Review: The Architect of Aeons

Posted: July 10, 2015 by in Books that are Mediocre (3/5 single_star) Meta: John C. Wright, Space Opera

It’s been a while since I sat down here and wrote a review, so you can expect a small deluge from me in the near future. I’m a huge fan of space opera in all genres and forms. I don’t know a lot about John C. Wright, but receiving THE ARCHITECT OF AEONS excited me, and made me want to read this. I’ve never read any Wright, so I was ready to experience a new to me author.


The book is ambitious, perhaps too much, and it starts following two of the most brilliant minds of mankind, Menelaus and Ximen as they outline their war plans against the invading aliens (known as Hyades). The book then puts them into suspended animation to await the outcome of the plans. Our two key players are awoken, and promptly proceed to spend several dozens upon dozens of pages arguing over everything, from the love interest, to the merits of their plans, to the impact of the upcoming *new* war.

Yes. New and better aliens are coming! And we need a new plan! And Ximen and Menelaus need to fight a duel! And there’s a lot of spoilers I could throw here, but in the interest of our readers.

To be fair to Wright, his writing is stellar. The man is a magnificent wordsmith, and no one can diminish his talent there. But this book lacks in propulsion, unlike the science of the time, and you feel adrift in a sea of beautiful words, watching the stars whirl past you, as you wonder where you’re going.

There were lines, and scenes, and chapters that were an absolute pleasure to read, but between them… I felt trapped in a excessively inferior book. The tone was there. The feel of the genre was right. The plot was classic space opera in all the right ways. But it failed to strike the chord with me that other science fiction and specifically space opera have. There was something missing as I read, and until I finished I couldn’t put my finger on what was keeping me from enjoying what appeared to be a great novel.

If I had to pick one word to describe THE ARCHITECT OF AEONS, it would be ponderous. Majestic in its manufacture and intent, but lumbering in performance.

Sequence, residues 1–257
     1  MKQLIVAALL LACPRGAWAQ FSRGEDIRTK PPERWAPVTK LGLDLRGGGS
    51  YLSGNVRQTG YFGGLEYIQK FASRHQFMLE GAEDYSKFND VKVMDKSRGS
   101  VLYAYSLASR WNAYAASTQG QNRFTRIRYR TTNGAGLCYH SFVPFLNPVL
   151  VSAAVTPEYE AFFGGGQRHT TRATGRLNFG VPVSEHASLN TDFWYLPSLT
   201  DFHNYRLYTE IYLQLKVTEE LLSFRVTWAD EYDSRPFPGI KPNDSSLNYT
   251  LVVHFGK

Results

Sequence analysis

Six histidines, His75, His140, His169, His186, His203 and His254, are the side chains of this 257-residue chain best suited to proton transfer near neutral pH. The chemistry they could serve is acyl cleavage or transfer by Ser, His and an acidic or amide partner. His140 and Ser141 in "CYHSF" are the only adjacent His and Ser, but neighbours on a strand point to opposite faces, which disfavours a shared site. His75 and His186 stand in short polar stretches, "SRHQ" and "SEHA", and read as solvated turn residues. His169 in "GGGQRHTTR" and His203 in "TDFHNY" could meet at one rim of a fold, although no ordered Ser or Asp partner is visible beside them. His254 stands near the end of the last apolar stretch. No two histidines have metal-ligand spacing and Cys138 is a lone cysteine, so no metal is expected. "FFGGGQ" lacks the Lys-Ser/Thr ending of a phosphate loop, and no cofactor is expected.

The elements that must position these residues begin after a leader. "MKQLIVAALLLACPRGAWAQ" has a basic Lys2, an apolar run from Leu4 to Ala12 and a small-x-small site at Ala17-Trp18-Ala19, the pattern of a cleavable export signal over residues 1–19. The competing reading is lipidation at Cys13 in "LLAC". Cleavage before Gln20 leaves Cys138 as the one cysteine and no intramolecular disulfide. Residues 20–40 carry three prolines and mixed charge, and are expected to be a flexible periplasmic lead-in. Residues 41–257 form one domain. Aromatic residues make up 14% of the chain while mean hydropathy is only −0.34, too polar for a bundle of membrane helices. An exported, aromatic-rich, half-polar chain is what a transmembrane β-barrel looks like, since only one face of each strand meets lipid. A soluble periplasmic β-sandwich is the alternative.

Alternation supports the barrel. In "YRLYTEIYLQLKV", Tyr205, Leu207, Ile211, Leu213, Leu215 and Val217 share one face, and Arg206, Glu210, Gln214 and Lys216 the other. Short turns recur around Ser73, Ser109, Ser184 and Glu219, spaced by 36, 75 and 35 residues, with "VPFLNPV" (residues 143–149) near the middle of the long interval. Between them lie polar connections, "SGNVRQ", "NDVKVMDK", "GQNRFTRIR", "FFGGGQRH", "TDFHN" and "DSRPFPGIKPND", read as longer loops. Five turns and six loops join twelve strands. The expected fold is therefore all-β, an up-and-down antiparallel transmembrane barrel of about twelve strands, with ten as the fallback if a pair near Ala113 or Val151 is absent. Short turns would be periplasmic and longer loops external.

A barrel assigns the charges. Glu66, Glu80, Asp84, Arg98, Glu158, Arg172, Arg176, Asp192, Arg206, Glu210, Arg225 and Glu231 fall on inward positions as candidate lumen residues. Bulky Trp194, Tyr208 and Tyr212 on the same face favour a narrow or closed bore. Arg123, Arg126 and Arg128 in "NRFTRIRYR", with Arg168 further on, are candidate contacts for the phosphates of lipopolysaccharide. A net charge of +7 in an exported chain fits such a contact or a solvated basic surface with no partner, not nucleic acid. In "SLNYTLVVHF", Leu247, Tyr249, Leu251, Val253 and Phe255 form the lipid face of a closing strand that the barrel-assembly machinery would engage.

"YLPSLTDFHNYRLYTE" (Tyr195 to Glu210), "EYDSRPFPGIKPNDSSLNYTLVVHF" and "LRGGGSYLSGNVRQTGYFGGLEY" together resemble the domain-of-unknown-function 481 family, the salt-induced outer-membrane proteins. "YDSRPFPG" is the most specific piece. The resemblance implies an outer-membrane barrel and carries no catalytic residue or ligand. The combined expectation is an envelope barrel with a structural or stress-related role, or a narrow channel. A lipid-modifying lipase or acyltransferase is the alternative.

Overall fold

Wright is the Rothfuss of science fiction. Full of talent, style, and poise, but lacking in substance under the surface. Wright’s title here, could be about himself, designing, and erecting a magnificant edifice to fiction, that takes aeons to complete, and longer to understand and appreciate.

Now that I’m done, if I had to pick one word to describe this book, it would be ponderous. The book is a behemoth, attempting to slowly adjust course, majestic in its manufacture and intent, but lumbering, ungainly, and blocky in its performance.

  • Recommended Age: 13+
  • Language: Yes, some
  • Violence: It's set in a war, and duels are fought. Yup.
  • Sex: Lots of talk. However, I don't remember anything specific happening.

ADDENDUM: After finishing the book, I discovered it was the fourth in the series. I must disclaim that I have not read the first three. I fully intend to get those 3 and read them to see if it improves my opinion of this book. Perhaps that character investment will have driven me to reconsider.


  • J. Cormier says:

    I read the first in this series, Count to a Trillion, and enjoyed it, though I found it flawed. My biggest problem with it was that the book in no way indicated, on the cover, the title page, or anywhere else, that it was intended to be the first in a series. I wrote a review of it at the time (, which the author actually commented on, explaining that his publisher had decided to remove the words “to be continued” from the end of the book as well as the subtitle “First Part of the Eschaton Sequence” without consulting him. So it seems this problem with identifying Wright’s novels as part of a continuous series is ongoing. It’s too bad, as I think it really hurts the books.

  • J. Cormier says:

    His association with the Sad Puppies is, unfortunately, a major stumbling block for me in enjoying his work at this point, as well.

    • My dear Mr Cormier,

      The Sad Puppies was an attempt to draw public attention to the insider corruption surrounding the Hugo Award process: We support the principle that the award should be granted based on the merit of the work rather than the political loyalties of the author. This is a stumbling-block for you.

      So when I ask you to judge any book, including mine, on merit, hence regardless of the author’s political stance, you regard that as so outrageous a political stance that you cannot judge any book of mine on merit, regardless of that the author’s political stance?

      The request for objectivity you regard as so outrageous that you lose your objectivity?

      Please note the ironic paradox.

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